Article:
In a meta-analysis of 18 RCTs of over 57,000 participants, the summary relative risk for all-cause mortality was reduced by 7% with vitamin D therapy.15 Another meta-analysis of eight RCTs showed a statistically non-significant reduction in CVD risk.16 The included trials had considerable heterogeneity in study design and vitamin D dose used for supplementation. None had CVD as a pre-specified primary outcome.17 A British RCT of 2,700 elderly participants who received either vitamin D 100,000 IU or placebo every four months for five years found no statistically significant difference in various CVD outcomes.18 A systematic review done by the Agency for Healthcare Research and Quality in 2009 found the overall evidence for vitamin D supplementation and improved CVD outcomes as inconclusive.19

There are two National Institutes of Health (NIH)-funded RCTs with CVD as a primary outcome that will hopefully provide some clarity. The VITamin D and OmegA-3 TriaL (VITAL) is an ongoing double-blind, placebo-controlled RCT to assess the impact of 2,000 IU vitamin D and/or omega-3 fatty acids on heart disease, stroke, and cancer in 20,000 healthy men and women in the U.S.17 Enrollment for VITAL is complete, and results are expected in 2017. Another RCT (Vitamin D, Insulin Resistance, and Cardiovascular Disease, NCT00736632) is currently enrolling patients with coexistent diabetes, hypertension, and vitamin D deficiency.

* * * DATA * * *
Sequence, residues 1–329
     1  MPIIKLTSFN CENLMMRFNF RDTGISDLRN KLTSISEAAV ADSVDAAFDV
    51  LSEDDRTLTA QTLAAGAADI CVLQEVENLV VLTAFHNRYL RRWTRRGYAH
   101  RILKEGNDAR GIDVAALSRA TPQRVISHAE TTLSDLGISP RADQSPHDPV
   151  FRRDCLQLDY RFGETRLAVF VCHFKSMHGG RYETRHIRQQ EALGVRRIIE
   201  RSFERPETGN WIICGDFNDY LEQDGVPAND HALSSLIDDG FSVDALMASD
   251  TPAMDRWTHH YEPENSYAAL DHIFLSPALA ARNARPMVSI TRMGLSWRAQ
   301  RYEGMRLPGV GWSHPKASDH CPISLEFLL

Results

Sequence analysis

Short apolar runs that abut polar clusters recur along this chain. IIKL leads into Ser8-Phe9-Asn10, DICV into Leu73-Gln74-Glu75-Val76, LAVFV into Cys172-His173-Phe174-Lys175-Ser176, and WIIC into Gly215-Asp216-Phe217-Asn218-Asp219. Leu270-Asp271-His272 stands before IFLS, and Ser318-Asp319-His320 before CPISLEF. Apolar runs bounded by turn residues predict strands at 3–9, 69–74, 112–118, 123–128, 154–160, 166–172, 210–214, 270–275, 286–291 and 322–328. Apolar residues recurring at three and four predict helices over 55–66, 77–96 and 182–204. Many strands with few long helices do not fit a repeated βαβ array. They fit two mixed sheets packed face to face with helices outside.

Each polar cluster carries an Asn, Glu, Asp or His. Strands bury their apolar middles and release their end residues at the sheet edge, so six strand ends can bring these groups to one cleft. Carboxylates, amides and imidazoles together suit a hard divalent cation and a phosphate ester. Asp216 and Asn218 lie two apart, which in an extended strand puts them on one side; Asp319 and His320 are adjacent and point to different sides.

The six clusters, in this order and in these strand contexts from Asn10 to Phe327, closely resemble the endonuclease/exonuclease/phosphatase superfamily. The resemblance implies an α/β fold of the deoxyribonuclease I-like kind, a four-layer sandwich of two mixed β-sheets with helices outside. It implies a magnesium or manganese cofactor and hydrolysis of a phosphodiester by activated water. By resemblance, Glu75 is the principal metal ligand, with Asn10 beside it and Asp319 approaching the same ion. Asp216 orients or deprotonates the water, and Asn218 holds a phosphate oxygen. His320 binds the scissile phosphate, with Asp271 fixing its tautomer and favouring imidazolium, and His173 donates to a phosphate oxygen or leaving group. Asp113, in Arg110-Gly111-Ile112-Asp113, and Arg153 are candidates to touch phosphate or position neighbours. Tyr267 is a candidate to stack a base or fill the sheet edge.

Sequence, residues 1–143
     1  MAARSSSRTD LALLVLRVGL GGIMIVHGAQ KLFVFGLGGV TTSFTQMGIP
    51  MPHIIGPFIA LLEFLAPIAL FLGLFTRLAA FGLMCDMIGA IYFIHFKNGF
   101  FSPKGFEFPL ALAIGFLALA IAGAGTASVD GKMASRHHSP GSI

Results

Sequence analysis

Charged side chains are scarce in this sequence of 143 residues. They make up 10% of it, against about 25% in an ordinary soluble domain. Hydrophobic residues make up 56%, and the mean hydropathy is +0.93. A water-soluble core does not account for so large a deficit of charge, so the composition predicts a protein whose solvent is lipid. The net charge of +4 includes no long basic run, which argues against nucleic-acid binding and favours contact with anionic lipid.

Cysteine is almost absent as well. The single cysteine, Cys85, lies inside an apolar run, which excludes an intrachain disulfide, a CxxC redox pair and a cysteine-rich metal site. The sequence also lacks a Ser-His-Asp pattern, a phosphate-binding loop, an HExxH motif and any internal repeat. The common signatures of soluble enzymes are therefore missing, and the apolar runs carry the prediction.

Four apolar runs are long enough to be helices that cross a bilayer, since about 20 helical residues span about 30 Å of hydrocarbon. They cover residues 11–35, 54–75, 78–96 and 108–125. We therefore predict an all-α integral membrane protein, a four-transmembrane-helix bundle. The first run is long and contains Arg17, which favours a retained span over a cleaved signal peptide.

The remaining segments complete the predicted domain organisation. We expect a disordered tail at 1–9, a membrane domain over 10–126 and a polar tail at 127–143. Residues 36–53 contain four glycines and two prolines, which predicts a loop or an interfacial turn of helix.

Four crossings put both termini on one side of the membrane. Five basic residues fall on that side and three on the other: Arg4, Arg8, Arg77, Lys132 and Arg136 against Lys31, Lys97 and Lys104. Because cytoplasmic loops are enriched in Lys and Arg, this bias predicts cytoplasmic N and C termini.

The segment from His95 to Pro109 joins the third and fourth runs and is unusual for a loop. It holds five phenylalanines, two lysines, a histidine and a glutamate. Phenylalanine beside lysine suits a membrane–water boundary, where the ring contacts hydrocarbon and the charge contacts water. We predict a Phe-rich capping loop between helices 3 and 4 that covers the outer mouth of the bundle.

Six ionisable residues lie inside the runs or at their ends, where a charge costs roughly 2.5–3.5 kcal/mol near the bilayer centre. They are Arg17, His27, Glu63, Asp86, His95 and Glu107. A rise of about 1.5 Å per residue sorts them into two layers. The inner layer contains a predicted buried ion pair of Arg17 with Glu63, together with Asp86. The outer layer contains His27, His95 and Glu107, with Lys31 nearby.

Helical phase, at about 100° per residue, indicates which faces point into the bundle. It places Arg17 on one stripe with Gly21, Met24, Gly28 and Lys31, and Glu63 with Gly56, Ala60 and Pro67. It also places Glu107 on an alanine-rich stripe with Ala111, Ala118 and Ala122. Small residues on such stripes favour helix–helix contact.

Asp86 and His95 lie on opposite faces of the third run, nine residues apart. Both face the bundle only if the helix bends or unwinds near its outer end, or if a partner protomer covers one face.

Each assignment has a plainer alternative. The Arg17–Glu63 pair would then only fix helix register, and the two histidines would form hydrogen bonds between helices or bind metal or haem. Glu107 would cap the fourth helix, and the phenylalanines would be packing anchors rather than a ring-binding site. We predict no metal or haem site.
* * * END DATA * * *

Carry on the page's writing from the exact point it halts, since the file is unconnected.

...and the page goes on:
Despite the widespread prevalence of vitamin D deficiency, the strong and consistent association with CVD risk factors and mortality, as well as biological plausibility from mechanistic laboratory studies, it is still unclear whether vitamin D is just a marker for increased CVD risk or actually plays a role in the pathogenesis of CVD. Potential confounders to the observational data include obesity, physical activity, sun exposure, and nutritional status. Small interventional trials done so far have not given a convincing answer, so we are eagerly awaiting the results of ongoing RCTs. For now, as the IOM report recommends, treat vitamin D deficiency for bone health, but not heart health.